Angled Walnut-Veneered “Pixels” Shaping A Light-Defined Installation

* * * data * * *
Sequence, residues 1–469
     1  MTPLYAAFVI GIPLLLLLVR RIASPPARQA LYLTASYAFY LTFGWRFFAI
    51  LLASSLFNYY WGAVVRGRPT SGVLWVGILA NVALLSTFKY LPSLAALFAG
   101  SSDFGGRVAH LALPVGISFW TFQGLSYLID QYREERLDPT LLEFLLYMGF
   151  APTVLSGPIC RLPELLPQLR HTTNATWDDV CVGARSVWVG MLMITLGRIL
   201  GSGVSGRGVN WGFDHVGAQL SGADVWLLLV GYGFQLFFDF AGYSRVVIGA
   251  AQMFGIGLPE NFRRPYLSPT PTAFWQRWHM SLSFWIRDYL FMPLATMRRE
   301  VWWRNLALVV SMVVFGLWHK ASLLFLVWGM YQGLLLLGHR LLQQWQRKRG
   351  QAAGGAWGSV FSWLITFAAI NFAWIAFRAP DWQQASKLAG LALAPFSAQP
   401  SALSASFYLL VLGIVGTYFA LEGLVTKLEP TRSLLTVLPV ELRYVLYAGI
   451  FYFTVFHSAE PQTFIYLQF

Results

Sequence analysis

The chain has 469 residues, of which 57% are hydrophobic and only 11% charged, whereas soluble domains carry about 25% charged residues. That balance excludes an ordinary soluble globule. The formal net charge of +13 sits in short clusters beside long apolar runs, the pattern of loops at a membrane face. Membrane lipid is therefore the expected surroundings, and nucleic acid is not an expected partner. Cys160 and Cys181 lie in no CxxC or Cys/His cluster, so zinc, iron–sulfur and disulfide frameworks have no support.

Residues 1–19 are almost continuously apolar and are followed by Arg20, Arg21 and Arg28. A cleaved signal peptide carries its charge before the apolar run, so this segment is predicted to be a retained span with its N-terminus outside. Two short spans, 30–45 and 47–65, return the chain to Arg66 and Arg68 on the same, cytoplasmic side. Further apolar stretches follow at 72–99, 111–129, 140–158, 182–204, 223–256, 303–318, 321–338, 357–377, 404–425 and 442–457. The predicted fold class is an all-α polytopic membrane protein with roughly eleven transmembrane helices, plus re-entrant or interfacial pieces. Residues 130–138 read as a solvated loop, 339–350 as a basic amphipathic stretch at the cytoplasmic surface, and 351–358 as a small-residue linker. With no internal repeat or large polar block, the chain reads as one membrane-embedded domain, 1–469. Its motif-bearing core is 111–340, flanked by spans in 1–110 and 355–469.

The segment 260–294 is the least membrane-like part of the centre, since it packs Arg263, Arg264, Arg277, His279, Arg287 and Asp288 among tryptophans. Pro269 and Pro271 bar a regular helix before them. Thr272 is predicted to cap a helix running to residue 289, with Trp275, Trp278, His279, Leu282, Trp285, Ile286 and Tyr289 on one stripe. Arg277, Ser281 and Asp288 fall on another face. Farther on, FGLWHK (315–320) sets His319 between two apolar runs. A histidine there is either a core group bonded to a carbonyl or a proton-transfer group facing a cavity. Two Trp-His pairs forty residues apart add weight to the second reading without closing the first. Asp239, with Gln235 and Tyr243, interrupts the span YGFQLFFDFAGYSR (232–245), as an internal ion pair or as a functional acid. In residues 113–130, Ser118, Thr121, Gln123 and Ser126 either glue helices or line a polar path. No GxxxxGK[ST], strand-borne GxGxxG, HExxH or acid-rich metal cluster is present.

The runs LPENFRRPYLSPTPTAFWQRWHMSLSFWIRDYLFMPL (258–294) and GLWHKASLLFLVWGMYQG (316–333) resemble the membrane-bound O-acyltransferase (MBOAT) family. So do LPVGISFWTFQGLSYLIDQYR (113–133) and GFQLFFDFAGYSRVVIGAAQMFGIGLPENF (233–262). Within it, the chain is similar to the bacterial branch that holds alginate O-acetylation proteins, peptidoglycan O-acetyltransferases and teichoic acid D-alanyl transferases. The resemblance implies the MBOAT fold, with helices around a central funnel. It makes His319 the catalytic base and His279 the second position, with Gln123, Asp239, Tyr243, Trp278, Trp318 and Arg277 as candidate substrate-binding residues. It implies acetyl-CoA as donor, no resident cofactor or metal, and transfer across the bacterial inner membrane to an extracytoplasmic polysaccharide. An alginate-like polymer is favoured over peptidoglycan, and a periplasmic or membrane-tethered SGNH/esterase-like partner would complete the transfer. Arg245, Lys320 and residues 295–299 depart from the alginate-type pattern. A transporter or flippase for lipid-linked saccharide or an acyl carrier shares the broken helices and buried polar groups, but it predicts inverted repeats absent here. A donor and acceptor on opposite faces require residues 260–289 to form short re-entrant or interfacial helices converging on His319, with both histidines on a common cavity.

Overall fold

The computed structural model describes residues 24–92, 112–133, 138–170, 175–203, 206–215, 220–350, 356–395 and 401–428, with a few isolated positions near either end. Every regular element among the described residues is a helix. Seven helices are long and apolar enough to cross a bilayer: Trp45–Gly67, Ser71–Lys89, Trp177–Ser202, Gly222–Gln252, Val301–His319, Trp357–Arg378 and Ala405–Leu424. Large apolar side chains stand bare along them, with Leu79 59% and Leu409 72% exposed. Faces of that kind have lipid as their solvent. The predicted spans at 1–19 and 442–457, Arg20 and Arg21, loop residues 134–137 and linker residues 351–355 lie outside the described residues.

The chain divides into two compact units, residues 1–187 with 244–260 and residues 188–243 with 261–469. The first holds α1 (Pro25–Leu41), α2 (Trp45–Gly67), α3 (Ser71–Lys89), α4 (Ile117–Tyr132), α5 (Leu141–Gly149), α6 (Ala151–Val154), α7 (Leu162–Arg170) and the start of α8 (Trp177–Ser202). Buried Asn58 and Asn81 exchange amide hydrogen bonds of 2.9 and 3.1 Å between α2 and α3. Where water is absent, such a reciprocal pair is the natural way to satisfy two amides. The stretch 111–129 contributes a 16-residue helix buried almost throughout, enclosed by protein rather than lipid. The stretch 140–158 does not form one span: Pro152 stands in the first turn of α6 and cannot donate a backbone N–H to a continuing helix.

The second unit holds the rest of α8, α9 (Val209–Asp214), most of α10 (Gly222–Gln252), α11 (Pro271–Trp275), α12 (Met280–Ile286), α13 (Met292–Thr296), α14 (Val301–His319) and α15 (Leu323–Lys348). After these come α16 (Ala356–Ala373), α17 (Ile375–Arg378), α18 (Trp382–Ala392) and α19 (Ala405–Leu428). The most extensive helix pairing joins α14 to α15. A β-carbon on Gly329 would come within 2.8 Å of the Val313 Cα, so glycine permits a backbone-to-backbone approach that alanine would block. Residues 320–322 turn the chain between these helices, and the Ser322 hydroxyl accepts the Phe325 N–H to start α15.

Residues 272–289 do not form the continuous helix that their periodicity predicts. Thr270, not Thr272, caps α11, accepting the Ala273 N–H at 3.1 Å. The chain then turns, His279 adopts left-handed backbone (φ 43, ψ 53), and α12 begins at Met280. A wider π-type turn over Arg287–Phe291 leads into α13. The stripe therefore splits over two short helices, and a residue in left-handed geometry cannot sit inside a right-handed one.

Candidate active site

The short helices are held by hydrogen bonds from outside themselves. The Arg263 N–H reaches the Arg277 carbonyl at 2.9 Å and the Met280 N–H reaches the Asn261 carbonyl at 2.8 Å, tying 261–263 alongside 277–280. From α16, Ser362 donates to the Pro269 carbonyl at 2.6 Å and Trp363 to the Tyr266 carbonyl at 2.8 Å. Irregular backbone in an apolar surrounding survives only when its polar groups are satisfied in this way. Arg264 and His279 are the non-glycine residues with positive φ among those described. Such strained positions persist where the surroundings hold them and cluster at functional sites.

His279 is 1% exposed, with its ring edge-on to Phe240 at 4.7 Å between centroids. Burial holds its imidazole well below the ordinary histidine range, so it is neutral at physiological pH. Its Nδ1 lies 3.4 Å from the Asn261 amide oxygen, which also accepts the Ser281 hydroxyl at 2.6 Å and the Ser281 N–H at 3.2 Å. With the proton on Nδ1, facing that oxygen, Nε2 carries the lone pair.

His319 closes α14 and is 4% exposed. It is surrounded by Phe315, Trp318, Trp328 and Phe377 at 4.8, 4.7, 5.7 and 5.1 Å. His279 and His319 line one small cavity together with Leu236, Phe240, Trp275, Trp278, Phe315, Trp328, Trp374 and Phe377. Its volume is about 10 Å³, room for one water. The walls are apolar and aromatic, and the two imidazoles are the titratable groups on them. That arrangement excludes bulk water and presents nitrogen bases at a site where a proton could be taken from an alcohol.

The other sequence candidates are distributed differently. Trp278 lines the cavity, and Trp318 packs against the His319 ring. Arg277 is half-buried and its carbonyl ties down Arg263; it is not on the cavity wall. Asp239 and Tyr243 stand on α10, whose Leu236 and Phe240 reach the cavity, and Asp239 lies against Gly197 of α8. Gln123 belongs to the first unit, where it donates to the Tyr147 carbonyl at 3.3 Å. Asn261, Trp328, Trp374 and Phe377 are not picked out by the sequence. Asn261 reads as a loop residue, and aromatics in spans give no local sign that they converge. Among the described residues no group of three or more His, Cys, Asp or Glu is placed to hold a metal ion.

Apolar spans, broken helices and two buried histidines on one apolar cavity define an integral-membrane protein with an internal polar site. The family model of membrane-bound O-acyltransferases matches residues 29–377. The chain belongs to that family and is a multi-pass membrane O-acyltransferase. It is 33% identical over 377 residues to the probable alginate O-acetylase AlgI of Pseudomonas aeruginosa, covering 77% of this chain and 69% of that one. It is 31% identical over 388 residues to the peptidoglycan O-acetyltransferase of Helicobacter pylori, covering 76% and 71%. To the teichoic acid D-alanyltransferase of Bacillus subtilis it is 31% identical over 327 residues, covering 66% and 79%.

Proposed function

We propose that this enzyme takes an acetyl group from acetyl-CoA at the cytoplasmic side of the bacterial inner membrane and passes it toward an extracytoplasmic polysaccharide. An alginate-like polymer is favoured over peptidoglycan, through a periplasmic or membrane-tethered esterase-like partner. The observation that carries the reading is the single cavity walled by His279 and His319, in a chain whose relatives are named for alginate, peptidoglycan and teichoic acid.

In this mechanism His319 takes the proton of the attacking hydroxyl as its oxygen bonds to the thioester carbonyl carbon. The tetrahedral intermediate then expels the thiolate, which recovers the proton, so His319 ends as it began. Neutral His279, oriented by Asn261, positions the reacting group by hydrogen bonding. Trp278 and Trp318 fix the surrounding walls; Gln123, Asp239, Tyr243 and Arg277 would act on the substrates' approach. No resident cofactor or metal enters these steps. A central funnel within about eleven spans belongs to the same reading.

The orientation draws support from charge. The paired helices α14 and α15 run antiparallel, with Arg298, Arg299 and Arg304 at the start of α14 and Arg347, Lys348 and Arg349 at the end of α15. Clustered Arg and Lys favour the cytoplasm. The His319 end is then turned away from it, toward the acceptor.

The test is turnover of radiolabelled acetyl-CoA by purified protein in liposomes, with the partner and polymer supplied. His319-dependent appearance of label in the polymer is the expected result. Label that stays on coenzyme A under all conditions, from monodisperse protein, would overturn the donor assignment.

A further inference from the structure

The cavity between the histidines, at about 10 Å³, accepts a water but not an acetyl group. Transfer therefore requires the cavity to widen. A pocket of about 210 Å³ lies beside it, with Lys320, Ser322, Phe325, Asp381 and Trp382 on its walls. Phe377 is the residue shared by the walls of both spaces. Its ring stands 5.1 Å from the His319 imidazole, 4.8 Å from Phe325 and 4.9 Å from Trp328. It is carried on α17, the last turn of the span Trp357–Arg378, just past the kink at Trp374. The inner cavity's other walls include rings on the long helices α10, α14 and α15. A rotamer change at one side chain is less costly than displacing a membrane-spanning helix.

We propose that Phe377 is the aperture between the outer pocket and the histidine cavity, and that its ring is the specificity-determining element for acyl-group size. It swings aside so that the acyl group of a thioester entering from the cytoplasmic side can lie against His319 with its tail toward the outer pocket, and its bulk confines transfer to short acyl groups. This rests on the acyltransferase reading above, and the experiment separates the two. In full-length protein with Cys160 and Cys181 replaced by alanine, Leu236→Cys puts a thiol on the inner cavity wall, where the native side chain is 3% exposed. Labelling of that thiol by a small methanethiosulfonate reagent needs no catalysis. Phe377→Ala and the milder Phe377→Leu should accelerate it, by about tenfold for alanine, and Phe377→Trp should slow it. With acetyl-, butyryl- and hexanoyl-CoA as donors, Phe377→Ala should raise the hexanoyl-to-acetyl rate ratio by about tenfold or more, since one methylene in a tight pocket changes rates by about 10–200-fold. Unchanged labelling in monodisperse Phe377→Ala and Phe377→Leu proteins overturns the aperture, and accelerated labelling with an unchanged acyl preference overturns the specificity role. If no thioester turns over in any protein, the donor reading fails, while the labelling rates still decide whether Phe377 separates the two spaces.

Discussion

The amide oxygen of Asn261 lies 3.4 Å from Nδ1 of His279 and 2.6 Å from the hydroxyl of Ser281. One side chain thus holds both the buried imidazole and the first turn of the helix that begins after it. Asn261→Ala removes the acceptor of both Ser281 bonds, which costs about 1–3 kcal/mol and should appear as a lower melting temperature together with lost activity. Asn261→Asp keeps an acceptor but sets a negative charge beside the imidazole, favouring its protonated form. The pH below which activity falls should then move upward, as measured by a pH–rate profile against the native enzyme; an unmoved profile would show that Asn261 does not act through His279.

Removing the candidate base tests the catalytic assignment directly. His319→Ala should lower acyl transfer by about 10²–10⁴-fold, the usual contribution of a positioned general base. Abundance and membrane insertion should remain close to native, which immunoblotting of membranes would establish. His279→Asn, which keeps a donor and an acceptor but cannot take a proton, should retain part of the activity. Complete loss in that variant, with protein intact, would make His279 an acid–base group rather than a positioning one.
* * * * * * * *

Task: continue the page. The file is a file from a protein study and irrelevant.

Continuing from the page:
Playing with light is not only fun, but also helps develop creativity. Choosing an innovative way of expressing this playfulness can be quite challenging, but the results are worth it, especially in the case of Giles Miller Studio. The London-based design practice composed for Clerkenwell Design Week an interesting installation made out of identical laser-cut wood hexagons. These individual pieces were angled to reflect light while shaping a delightful pattern. Composing a fascinating archway that plays with light, the studio focusing on creating innovative surfaces designed the intricate 20,000 wooden archway inside the gates of a 150 year old former merchant’s warehouse. As part of the three-day festival celebrating design, this creative installation found on VisualNews communicates a light-guided pixelation adapted to the classic architecture displayed by the building. Hand-placed on wedges, each hexagonal walnut-veneered pixel has its own purpose and bounces light to create the overall design – can you not call this innovative?